Vadim Konoshchenok, one of seven people to be charged with smuggling U.S. technology into Russia, was arrested in Estonia on Dec. 6., and is expected to be extradited to the United States. Photo courtesy of U.S. Justice Department
Dec. 13 (UPI) -- Five Russians, a U.S. citizen and a New Hampshire resident have been indicted on charges of smuggling millions of dollars' worth of American-made military and dual-use technology to Russia's military, defense sector and research institutions.
The 16-count indictment charges the group of seven as being part of the so-called Serniya procurement network, which federal prosecutors say is operated under the direction of Russian intelligence to acquire sensitive military and dual-use materials, including advanced semiconductors, quantum computing testing equipment and hypersonic and nuclear weapons technology.
The illicit procurement network is believed to be headed by Russia's wholesale machinery and equipment company Serniya Engineering to gain the sensitive technology for state-owned defense conglomerates, atomic and nuclear research agencies and the ministry of defense, among others.
"The industries that these illegal transfers could support ... pose great danger in the hands of our adversaries," FBI Director Christopher Wray said in a statement.
The United States had previously targeted the illicit network, and sanctioned it in late March following Russia's invasion of Ukraine.
Biden administration officials have accused the network of being instrumental to the Kremlin's "war machine."
The indictment, announced Tuesday by the Justice Department but unsealed a day prior, accuses the seven defendants of conspiring within the Serniya Network to smuggle sensitive technology from U.S. manufacturers in New York and elsewhere since at least 2017.
Prosecutors said the defendants layered transactions through a variety of front companies and bank accounts worldwide in order to have U.S. companies sell products in violation of national security export laws.
The indictment details how the septuplet caused the U.S. companies to ship items to domestic and European locations that match fictitious addresses assigned to Serniya Network shell companies.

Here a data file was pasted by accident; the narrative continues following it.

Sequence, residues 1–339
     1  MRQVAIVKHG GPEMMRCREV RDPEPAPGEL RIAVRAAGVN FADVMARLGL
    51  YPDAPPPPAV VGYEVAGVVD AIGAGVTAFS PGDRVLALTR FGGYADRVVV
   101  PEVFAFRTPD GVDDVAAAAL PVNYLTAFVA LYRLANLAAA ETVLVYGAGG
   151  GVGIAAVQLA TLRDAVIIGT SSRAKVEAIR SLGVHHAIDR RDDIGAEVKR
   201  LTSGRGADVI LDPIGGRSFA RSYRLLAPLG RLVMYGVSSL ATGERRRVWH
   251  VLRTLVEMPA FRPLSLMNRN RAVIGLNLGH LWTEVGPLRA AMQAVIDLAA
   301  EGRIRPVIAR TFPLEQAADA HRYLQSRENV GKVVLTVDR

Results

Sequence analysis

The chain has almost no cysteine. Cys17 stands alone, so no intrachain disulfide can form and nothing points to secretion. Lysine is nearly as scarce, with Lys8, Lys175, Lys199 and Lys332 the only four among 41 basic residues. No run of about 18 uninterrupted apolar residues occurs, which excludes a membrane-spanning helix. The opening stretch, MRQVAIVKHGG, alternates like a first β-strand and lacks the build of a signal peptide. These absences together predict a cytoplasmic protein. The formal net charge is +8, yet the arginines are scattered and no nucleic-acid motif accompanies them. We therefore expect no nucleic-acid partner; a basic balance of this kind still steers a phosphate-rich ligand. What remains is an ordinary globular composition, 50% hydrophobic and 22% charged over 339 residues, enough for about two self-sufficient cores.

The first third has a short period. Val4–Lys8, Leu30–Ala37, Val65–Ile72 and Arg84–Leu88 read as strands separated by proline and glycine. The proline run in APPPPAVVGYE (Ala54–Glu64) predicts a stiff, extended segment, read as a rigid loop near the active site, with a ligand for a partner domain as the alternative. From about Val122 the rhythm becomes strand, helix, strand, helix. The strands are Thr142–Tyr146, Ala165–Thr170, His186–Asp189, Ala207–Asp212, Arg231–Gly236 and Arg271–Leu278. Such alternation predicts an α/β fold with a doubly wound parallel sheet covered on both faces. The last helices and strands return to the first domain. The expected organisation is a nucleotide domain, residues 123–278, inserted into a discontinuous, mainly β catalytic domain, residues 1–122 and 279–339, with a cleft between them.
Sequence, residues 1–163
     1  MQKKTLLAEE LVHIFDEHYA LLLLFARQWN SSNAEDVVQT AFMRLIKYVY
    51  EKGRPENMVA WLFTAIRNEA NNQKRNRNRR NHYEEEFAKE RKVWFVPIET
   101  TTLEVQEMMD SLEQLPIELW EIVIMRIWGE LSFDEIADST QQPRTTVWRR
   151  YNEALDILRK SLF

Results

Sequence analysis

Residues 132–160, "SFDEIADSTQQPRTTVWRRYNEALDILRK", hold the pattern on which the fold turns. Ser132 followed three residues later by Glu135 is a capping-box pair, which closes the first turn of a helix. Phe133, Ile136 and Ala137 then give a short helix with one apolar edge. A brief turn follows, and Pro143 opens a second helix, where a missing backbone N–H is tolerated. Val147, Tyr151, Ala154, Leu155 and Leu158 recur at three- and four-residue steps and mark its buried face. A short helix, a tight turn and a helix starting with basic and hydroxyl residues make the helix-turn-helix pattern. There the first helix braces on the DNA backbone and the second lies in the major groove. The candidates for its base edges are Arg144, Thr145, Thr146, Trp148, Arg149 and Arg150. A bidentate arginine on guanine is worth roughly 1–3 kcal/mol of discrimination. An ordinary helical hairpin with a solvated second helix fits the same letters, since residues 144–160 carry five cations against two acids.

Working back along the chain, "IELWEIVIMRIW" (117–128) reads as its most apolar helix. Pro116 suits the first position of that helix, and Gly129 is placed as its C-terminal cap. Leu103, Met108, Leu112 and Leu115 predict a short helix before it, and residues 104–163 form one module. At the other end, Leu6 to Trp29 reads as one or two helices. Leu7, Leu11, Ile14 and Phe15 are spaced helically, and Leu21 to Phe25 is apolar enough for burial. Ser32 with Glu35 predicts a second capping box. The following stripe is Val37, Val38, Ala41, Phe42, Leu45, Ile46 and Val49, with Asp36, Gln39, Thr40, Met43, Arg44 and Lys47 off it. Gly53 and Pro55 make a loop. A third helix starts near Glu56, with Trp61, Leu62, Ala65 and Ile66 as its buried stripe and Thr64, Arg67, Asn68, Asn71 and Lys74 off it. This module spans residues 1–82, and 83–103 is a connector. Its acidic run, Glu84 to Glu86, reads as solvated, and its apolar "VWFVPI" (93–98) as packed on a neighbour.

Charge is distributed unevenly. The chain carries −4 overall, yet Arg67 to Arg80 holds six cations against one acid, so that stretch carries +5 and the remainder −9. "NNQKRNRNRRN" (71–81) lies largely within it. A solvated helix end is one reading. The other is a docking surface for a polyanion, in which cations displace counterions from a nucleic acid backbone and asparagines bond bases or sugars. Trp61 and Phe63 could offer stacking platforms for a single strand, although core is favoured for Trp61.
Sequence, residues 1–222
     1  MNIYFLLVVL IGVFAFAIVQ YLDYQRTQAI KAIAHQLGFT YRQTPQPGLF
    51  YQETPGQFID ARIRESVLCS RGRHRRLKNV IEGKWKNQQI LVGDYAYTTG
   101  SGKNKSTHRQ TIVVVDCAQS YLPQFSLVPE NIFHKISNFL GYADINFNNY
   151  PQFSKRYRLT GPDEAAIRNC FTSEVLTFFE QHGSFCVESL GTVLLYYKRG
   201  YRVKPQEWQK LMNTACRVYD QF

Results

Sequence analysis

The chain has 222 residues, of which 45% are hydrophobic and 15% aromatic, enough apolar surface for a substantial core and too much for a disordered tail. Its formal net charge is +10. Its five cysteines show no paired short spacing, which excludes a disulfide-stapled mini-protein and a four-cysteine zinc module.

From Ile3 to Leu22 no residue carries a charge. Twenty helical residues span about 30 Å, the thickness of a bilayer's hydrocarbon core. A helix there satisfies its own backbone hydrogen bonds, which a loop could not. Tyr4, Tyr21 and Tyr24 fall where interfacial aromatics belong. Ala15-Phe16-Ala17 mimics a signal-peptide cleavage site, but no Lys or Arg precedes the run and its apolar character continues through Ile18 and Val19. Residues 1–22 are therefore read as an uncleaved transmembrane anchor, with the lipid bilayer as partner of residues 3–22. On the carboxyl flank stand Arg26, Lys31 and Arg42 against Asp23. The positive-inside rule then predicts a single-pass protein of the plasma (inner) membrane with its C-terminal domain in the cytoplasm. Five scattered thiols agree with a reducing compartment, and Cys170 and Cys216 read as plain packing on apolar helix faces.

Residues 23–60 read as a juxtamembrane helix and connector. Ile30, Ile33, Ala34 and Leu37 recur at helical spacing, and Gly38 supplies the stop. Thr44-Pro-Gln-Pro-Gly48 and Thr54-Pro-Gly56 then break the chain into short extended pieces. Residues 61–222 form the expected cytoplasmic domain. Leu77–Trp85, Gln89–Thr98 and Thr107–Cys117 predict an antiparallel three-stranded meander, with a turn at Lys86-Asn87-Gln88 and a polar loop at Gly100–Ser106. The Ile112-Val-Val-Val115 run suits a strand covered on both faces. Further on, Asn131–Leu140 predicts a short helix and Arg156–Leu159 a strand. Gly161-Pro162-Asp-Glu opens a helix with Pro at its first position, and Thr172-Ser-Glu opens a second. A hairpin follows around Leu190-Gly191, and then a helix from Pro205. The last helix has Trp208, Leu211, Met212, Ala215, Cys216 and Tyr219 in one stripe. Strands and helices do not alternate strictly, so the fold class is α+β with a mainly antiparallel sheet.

"Items were repackaged and reshipped to several intermediate locations in Europe and Asia before arriving in Russia," the charging document states, naming Estonia, Finland, Germany and Hong Kong as common shipping points.
Alexey Brayman, a 35-year-old lawful U.S. permanent residence of New Hampshire and an Israeli citizen, and U.S. citizen Vadim Yermolenko, 41, have been arrested by U.S. authorities.
Prosecutors have asked the court to set a bail at $250,000 for Brayman and $500,000 for Yermolneko and to confiscate their passports as they present flight risks and have significant ties to non-extradition countries.
Defendant Vadim Konoshchenok, a suspected officer with Russia's Federal Security Service, was arrested in Estonia where he lived on Dec. 6. and is expected to be extradited to the United States.
Prosecutors said Konoshchenok, 48, has shipped or smuggled U.S.-origin items from Estonia into Russia.
Court documents state that he attempted to smuggle weapons and technology as recently as Oct. 27 when he was stopped by Estonia police with 35 different types of semiconductors and electric components.
Hidden in his vehicle were found thousands of 6.5mm rounds manufactured by a Nebraska firearms company, prosecutors said. The sniper rifle rounds were sold from the United States to Germany, Finland, Luxembourg and Latvia, according to documents, which do not disclose that they were to be re-exported to Russia.
Following Konoshchenok's arrest earlier this month, Estonian authorities also searched a warehouse under the name of his son, discovering some 375 pounds of ammunition.
The remaining Russia-residing defendants -- Aleksey Ippolitov, 57; Yevgeniy Grinin, 44; Svetlana Skvortsova, 41; and Boris Livshits, 52 -- remain at large.
"With three of the defendants now in custody, we have disrupted the procurement network allegedly used by the defendants and Russian intelligence services to smuggle sniper rifle ammunition and sensitive electronic components into Russia," Attorney General Merrick Garland said.
"The Justice Department will continue to vigorously enforce our economic sanctions and export controls against those who enable the Russian government to continue its unjust war in Ukraine."
If convicted, the defendants face up to 30 years' imprisonment.